“I’ve now been here for about 40 years,” she said. “I stayed not only because I became a professor of medicine and had my clinical practice here, but because I also got a PhD in English here.”
Making Connections Between Medicine and Literature
Charon started work on her doctorate in 1989 and received it in 1999. She was intrigued by professors in the Department of English and Comparative Literature who were making connections between things like psychoanalysis and literature. They, in turn, were interested in what Charon was doing—taking the critical analysis skills she was learning in her English classes and transforming her medical practice with them. “It was radical back then,” she said. “By learning how stories work, I changed my patient interactions. When I met a patient, I said that I needed to know a lot, and then, without interrupting, I listened closely and carefully.”
In 2000, Charon and some colleagues who were also involved in developing links between literature and medicine applied for and received funding from the National Endowment for the Humanities. Other doctors and scholars both nationally and internationally were also focused on the growing field, but Charon and her team were the only ones who got money from the NEH to study why teaching such literary practices as close reading and narrative theory to medical students might be beneficial. With the money, she assembled a group of Columbia academics and clinicians—professors of English, art, and cinema studies, along with pediatricians, psychoanalysts, and internists—and set to work.
Over time, they developed a theoretical framework, which is still in use, and Charon wrote Narrative Medicine: Honoring the Stories of Illness in 2008, which describes the ideas and genesis of narrative medicine. This book was followed in 2016 with what amounts to a textbook, The Principles and Practice of Narrative Medicine, written by Charon and contributors.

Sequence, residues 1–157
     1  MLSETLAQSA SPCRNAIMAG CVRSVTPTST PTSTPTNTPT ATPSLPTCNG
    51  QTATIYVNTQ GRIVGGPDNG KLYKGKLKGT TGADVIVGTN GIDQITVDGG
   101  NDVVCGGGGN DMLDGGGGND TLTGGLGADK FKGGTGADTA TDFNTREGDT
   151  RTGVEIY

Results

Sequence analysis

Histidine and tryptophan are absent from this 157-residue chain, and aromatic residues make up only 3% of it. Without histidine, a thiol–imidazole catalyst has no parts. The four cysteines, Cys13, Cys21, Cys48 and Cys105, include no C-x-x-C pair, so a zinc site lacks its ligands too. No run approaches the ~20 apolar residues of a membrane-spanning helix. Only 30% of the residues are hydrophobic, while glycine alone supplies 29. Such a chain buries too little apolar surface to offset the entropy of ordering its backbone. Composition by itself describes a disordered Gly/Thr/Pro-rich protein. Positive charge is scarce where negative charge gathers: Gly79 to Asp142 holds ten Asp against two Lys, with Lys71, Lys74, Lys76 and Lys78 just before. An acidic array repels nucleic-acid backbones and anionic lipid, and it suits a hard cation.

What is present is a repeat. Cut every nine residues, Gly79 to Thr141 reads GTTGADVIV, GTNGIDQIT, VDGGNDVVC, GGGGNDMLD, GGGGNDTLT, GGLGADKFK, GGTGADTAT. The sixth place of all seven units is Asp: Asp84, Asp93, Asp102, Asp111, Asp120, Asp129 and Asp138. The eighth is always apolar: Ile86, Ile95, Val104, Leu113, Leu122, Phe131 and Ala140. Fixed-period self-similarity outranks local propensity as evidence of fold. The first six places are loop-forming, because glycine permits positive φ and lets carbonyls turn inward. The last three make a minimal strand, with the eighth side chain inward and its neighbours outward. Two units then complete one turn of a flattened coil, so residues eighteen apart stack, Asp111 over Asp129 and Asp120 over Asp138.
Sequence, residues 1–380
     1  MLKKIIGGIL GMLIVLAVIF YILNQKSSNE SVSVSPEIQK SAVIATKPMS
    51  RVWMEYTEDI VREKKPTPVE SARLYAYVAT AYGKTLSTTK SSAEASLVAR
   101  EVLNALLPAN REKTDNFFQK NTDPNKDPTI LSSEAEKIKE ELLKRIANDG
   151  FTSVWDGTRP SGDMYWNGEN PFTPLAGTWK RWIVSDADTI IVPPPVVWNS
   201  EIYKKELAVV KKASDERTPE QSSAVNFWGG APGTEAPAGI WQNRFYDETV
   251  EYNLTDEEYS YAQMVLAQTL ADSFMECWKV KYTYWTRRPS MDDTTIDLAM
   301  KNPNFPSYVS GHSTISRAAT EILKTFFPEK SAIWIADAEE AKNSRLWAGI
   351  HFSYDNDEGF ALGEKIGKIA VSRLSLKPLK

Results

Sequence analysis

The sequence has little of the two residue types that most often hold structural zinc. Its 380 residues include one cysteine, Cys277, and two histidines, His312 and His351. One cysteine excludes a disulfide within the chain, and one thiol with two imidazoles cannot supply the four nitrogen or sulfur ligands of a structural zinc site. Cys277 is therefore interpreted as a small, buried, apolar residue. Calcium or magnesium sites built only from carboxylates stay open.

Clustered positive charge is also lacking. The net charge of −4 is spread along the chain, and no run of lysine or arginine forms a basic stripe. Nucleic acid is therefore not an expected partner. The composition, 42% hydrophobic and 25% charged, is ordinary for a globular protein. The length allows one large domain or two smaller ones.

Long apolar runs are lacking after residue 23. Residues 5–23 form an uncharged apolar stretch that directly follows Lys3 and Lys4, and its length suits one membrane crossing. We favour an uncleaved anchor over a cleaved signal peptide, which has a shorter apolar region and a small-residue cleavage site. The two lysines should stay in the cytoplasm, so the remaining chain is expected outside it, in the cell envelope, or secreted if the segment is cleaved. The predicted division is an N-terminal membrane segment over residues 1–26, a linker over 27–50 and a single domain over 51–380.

In the meantime, she and her collaborators also received funding from the National Institutes of Health to research and help put into practice at Columbia what is now a required series of courses for medical students: Foundations of Clinical Medicine. Narrative medicine is an integral part of this curriculum. In these courses, medical students learn “everything except the biotech: The teaching of patient-physician relationships, how to talk to patients, how to do physical exams, how to be trained in the ethics of medicine—all the doctoring,” Charon said.
She describes the way narrative medicine is taught at Columbia as a “sophisticated, rigorous discipline.” In addition to the required courses that medical students must take, the master’s program in narrative medicine enrolls everyone from graduate students and some undergraduates across Columbia to recent college graduates considering a career in medicine and mid-career health professionals—doctors, nurses, social workers—yearning to increase the strength of their own practices.
“There is a long-standing faculty community, many in leadership positions, at this medical school who have come through the narrative medicine program and continue to meet weekly,” said Charon. “We taught them how to teach narrative medicine to their medical students, and, in that process, they became more compassionate clinicians themselves.”
The Parallel Chart
One of Charon’s inventions is the parallel chart, a writing exercise now used widely in narrative medicine. As medical students start to take care of patients in their clinical training, they are encouraged to write down their personal feelings—not in the hospital chart in a patient’s room, but in a parallel chart, which is shared only with their professors and fellow students in small groups.
“If an elderly patient is dying of prostate cancer, and all a student can think about is her grandfather also dying of prostate cancer, then she should write about that. It will give her a sense of her own capacity to care for the patient, and also of what she is going through as a beginning doctor,” said Charon.
“Our narrative medicine courses give us the space to step back from the intense curriculum and reflect,” said Jessica Cho, a first-year medical student at Columbia. “Narrative medicine reminds us that there is a story behind everything, and that what we see as doctors in a moment in time is a snapshot.”
The ability to see that snapshot, as both Charon and Furlonge emphasized repeatedly, lies at the heart of narrative medicine training. Learning the art of active, empathetic, or radical listening—a complex, full-bodied skill—puts front and center why many students like Cho chose a career in medicine: to help their patients navigate the health-illness-death continuum.
In addition to the medical school's narrative medicine program, the School for Professional Studies offers certificate and m.s. programs in narrative medicine.